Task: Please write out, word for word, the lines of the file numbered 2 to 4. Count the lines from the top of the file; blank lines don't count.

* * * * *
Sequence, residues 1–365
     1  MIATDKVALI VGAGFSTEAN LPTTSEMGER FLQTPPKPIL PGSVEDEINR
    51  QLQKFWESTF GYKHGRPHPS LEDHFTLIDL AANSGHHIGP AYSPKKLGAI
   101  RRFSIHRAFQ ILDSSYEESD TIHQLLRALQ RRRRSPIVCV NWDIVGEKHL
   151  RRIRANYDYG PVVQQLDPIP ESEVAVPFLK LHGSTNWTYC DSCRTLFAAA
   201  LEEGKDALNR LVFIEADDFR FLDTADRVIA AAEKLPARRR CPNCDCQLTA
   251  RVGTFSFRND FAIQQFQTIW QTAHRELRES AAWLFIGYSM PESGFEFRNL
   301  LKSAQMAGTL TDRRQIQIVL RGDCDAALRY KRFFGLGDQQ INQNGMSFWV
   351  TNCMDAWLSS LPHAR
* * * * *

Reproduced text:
     1  MIATDKVALI VGAGFSTEAN LPTTSEMGER FLQTPPKPIL PGSVEDEINR
    51  QLQKFWESTF GYKHGRPHPS LEDHFTLIDL AANSGHHIGP AYSPKKLGAI
   101  RRFSIHRAFQ ILDSSYEESD TIHQLLRALQ RRRRSPIVCV NWDIVGEKHL